Metropolitan City of Bologna

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Metropolitan City of Bologna
Palazzo Malvezzi in Bologna, seat of the metropolitan city.
Palazzo Malvezzi in Bologna, seat of the metropolitan city.
Coat of arms of Metropolitan City of Bologna
Map highlighting the location of the province of Bologna in Italy
Map highlighting the location of the province of Bologna in Italy
Country Italy
RegionEmilia-Romagna
Capital(s)Bologna
Comuni55
Government
 • Metropolitan MayorMatteo Lepore
Area
 • Total3,702 km2 (1,429 sq mi)
Population
 (30 June 2017)
 • Total1,011,291[1]
Time zoneUTC+1 (CET)
 • Summer (DST)UTC+2 (CEST)
Postal code
40121/40141 (Bologna), 40010-40069 (other comuni)
Telephone prefix051, 0534, 0542
Vehicle registrationBO
ISTAT237[2]
WebsiteOfficial website

The Metropolitan City of Bologna (Italian: Città Metropolitana di Bologna) is a metropolitan city in the Emilia-Romagna region, Italy. Its capital is the city of Bologna. It was created by the reform of local authorities (Law 142/1990) and established by the Law 56/2014, replacing the Province of Bologna. It has been operative since January 1, 2015.

The Metropolitan City is headed by the Metropolitan Mayor (Sindaco metropolitano) and by the Metropolitan Council (Consiglio metropolitano).

History[edit]

Remains of the Iron Age Villanovan culture were discovered near Bologna by archaeologists in 1853.[3] The city was settled by the Etruscans and named Velzna, later Felsina. In the 6th century BCE, Felsina was known for its markets and trade. It was invaded by the Gallic Boii tribe in this period, who developed the agricultural output of the region. The Romans began their conquest of the region around 220 BCE and were successful by the 180s BCE; upon their capture of Felsina, it was renamed Bononia. After Rome fell in 476 CE and the region suffered barbarian invasions, Bononia was made a fortress.[3]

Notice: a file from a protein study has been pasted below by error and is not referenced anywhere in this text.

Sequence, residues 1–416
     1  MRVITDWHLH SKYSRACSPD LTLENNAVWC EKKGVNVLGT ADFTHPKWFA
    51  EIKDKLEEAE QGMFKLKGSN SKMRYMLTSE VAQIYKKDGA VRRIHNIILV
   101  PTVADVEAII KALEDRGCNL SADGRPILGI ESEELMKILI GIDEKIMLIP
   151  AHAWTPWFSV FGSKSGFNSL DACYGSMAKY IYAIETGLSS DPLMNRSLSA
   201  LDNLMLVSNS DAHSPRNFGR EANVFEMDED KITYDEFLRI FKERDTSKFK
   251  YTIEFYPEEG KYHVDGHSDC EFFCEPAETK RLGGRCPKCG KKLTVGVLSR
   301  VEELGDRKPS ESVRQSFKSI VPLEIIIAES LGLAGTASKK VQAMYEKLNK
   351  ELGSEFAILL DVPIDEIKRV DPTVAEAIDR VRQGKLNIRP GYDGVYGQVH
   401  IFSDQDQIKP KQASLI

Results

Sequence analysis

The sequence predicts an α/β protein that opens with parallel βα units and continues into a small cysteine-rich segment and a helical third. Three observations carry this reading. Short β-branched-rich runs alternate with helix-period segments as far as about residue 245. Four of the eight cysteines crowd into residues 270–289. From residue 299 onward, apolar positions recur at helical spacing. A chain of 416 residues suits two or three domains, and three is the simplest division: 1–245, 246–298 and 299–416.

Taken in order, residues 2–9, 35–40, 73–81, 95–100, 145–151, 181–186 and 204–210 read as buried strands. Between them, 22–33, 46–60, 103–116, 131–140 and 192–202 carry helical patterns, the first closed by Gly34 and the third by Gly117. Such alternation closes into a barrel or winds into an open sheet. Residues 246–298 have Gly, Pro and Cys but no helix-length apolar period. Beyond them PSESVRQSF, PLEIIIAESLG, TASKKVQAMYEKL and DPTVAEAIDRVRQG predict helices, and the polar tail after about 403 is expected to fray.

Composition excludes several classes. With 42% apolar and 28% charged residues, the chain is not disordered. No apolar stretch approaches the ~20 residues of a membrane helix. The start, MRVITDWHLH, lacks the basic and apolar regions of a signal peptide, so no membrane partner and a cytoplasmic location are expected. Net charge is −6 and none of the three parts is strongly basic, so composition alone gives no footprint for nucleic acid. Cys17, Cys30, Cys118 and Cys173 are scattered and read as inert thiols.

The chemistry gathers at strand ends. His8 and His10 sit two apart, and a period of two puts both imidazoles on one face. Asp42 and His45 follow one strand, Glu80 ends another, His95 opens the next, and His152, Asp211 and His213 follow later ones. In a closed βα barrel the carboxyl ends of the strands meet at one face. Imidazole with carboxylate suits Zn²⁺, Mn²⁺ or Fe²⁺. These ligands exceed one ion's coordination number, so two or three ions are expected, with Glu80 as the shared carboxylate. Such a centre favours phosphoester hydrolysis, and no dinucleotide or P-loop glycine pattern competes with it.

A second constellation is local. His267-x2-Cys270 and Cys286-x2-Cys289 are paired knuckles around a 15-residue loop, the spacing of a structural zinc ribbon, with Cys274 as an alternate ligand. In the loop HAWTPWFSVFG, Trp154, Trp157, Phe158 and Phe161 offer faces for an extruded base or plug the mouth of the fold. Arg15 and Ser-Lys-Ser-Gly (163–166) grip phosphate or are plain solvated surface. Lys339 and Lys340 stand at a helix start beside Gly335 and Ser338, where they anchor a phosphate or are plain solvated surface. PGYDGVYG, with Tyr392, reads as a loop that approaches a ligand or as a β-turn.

The city was owned by Charlemagne but was given to the Holy See in 774. Later, the Holy Roman Empire controlled the city and it became known as Bologna. Bologna became a commune by 1114, but it desired independence and in 1176 it joined the Lombard League, an alliance opposed to the Holy Roman Empire's influence. Emperor Frederick I recognised its desire for independence and granted it some autonomy.[3] It joined the Second Lombard League to defeat Frederick II in 1249. Bologna became part of the Papal States in 1506 and joined the Kingdom of Italy upon Italian unification in the 19th century.[4]

The University of Bologna was founded in 1088; its speciality was Roman and canon law, and it set standards in the way it was organised and the curriculum that was followed by universities in Italy.[5]

Geography[edit]

The Metropolitan City of Bologna is part of the region of Emilia-Romagna in northwestern Italy. It is in the centre of the region and is bounded on the east by the Province of Ravenna, while the Province of Ferrara lies to the north and the Province of Modena lies to the west. To the south are the Metropolitan City of Florence, the Province of Prato and the Province of Pistoia, all in the region of Tuscany.

The metropolitan territory is largely flat, and stretches from the alluvial Po Plain into the Apennine Mountains; the highest point in the metropolitan city is the peak of Corno alle Scale in the commune of Lizzano in Belvedere, at 1,945 metres (6,381 ft) above sea level.[6]

Government[edit]

List of Metropolitan Mayors of Bologna[edit]

N. Portrait Metropolitan Mayor Term start Term end Party
1 Virginio Merola 2016.jpeg
Virginio Merola
(1955–)
1 January 2015 11 October 2021 Democratic Party
2 Matteo Lepore 2015 (cropped).jpg
Matteo Lepore
(1980–)
11 October 2021 Incumbent Democratic Party

References[edit]

  1. ^ "Demographic Balance for the year 2017 (provisional data)". Istat. Retrieved 4 November 2017.
  2. ^ "Codici delle città metropolitane al 1° gennaio 2017". www.istat.it (in Italian). 23 December 2016.
  3. ^ a b c Roy Palmer Domenico (2002). The Regions of Italy: A Reference Guide to History and Culture. Greenwood Publishing Group. p. 80. ISBN 978-0-313-30733-1.
  4. ^ Roy Palmer Domenico (2002). The Regions of Italy: A Reference Guide to History and Culture. Greenwood Publishing Group. p. 81. ISBN 978-0-313-30733-1.
  5. ^ Christopher Kleinhenz (2004). Medieval Italy: An Encyclopedia. Routledge. p. 1107. ISBN 978-1-135-94880-1.
  6. ^ The Times Comprehensive Atlas of the World (13 ed.). Times Books. 2011. p. 76. ISBN 9780007419135.

External links[edit]

Coordinates: 44°29′38″N 11°20′34″E / 44.4939°N 11.3428°E / 44.4939; 11.3428